What is Shiatsu?
Shiatsu originated in Japan and is a technique to activate the body and refresh the mind. With gentle pressure, stretching and rotation the whole body is touched and mobilized. Thus, connective tissue, muscles, tendons, joints and organs are carefully readjusted and metabolism is improved. This allows deep relaxation, allowing thoughts and emotions to float freely. The physical impulses help you rediscover your body and develop new ways to use it in a healthy way. Shiatsu is being practiced and further developed the world over.
What is Shiatsu for?
Shiatsu is ideal for prevention and supports the health of the entire body. No matter if you are young or old, a more dynamic person or feeling a little weak and slow, you can benefit from a Shiatsu session. Shiatsu re-establishes an improved self-perception and helps release stiffness or improper posture before it turns into a chronic disease. Thus, job-related strains are brought back into balance before they cause a headache, a stiff neck or back problems. Shiatsu can complement a conventional medical treatment and support rehabilitation after surgery or prolonged illness.
How Shiatsu is practiced?
Leading principles of Shiatsu are your well-being and a calm atmosphere. Any technique applied helps to calm you down and get into a flow of slow and continuous movements and impulses. Shiatsu is usually practiced on a mat on the floor. The patient is dressed comfortably in long, wide pants, a long-sleeved T-shirt or a sweater and fresh socks. The position on the floor can be supported with various cushions, if desired. The practitioner exerts pressure depending on your physical condition and sensitivity with palm, thumb, elbow or knee. During the course of the treatment the practitioner addresses your whole body. A Shiatsu treatment session takes about 60 minutes. To achieve a lasting effect, several treatments in a row are useful. A good rhythm is one hour per week.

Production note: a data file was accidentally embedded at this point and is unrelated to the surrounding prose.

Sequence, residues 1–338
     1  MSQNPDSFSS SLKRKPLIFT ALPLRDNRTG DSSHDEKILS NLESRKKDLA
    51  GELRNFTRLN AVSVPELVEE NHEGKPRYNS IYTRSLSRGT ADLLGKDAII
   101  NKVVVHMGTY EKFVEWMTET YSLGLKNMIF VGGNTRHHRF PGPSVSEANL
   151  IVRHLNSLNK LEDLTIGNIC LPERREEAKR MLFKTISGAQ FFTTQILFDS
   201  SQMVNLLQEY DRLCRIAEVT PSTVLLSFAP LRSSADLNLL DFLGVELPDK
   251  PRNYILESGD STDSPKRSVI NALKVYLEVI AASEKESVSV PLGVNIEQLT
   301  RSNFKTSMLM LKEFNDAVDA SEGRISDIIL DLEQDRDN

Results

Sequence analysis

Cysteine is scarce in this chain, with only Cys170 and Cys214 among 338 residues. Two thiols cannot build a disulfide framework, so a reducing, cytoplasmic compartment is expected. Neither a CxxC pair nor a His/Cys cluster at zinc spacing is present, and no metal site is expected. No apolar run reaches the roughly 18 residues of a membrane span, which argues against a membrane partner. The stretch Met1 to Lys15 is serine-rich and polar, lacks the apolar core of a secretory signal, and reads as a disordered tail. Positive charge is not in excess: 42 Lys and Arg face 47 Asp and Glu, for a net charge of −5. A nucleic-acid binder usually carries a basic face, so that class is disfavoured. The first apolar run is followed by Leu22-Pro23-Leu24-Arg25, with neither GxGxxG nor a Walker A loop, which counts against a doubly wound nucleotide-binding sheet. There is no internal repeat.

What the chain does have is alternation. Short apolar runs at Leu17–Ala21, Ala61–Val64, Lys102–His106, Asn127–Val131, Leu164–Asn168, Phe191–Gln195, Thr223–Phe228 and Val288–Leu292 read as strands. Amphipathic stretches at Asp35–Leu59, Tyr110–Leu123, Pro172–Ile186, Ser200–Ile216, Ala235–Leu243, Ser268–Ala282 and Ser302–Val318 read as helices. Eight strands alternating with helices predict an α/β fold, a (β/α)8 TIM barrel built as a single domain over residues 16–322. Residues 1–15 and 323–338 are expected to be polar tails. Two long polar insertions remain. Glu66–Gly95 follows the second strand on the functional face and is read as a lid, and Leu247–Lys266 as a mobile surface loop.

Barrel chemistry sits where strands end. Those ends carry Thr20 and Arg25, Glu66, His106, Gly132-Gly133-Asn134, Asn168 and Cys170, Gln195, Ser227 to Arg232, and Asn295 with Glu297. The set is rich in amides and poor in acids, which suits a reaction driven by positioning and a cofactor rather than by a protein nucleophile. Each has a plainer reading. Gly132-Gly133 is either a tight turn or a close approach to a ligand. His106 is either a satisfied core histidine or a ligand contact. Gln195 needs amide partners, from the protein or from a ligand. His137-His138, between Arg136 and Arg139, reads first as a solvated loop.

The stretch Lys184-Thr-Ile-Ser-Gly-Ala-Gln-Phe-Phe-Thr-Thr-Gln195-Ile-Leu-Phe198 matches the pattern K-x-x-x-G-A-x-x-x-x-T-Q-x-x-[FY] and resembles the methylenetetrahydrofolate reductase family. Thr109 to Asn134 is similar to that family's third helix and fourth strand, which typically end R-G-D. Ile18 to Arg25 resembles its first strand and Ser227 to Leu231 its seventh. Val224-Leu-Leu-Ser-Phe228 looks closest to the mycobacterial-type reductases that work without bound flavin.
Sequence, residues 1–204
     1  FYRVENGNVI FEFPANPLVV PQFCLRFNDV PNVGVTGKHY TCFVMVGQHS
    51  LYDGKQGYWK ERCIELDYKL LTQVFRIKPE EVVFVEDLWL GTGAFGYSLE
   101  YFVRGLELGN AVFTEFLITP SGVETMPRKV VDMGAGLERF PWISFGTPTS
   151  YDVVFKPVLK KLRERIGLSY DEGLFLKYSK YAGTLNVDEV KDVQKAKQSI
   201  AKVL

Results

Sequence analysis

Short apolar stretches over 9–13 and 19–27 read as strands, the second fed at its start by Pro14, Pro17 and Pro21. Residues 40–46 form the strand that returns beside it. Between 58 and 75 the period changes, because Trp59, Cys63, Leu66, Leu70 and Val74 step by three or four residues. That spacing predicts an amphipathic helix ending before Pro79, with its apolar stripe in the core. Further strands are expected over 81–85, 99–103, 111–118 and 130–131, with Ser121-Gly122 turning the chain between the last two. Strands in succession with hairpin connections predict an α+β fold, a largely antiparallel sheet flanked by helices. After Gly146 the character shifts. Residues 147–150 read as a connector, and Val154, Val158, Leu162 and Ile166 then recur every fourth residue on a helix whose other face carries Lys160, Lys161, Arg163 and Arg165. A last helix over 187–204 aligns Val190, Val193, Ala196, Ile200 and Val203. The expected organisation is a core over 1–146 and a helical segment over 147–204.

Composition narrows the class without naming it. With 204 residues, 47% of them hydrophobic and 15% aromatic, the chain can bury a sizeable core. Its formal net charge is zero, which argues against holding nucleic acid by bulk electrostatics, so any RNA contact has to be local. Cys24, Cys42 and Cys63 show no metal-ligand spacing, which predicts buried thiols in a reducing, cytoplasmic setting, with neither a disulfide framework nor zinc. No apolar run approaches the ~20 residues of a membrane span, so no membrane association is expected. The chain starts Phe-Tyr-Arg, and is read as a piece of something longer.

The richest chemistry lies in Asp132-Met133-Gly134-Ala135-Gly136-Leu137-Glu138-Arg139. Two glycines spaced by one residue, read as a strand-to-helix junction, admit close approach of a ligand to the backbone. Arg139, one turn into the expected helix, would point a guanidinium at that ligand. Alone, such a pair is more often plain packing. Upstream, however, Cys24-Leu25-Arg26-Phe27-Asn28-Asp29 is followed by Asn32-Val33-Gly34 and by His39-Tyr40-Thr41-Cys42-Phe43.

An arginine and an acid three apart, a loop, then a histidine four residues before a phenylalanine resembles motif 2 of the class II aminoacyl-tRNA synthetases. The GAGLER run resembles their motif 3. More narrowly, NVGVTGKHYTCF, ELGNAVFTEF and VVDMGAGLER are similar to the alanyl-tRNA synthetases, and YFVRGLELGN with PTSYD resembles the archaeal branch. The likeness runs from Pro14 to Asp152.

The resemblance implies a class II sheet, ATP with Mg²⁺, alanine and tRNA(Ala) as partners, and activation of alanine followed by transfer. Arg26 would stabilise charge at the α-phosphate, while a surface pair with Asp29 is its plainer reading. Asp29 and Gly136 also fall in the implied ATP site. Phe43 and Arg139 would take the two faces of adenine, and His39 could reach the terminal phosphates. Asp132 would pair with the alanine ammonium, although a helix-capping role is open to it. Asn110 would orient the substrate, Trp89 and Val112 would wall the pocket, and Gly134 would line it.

A bit of theory
The base of this form of body work is the concept of energy paths (meridians) in Chinese medicine, which also plays an important role in acupuncture. If the flow of energy (qi) is unhindered, the body and spirit are in harmony and healthy. Congestions and blockades along the energy pathways are the causes of diseases. Shiatsu harmonizes the flow and the distribution of the energy in the body, thereby activating the natural power of the body’s resources.
What you should NOT expect from Shiatsu?
Shiatsu practitioners do not relocate limbs and are not the first contact for unexpected acute and serious diseases. For those symptoms, you should consult with your general practitioner or a specialist doctor first. As mentioned above, Shiatsu is an excellent complement for conventional medical treatment.
What kind of quality assurance exists for the practice of Shiatsu?
In Europe, country-specific organizations have formed to ensure solid training and examination regulations. These include the Shiatsu Society in Germany (www.shiatsu-gsd.de), the the Austrian Shiatsu Federation (www.shiatsu-verband.at) and the Swiss Shiatsu Federation (www.shiatsuverband.ch). There are numerous schools for Shiatsu. One of the few internationally organized ones is the European Shiatsu Institute or ESI (www.shiatsu.de).
In Japan, Shiatsu was officially recognized as an independent method of treatment in 1964 by the Japanese Health Authority. In Europe the EU Commission described Shiatsu in 1997 as one of eight methods that complement Western medicine. In addition to Shiatsu, homeopathy, acupuncture and chiropractic were also mentioned.
If you want to know more about Shiatsu, make an appointment and test it. Shiatsu is practice, not theory!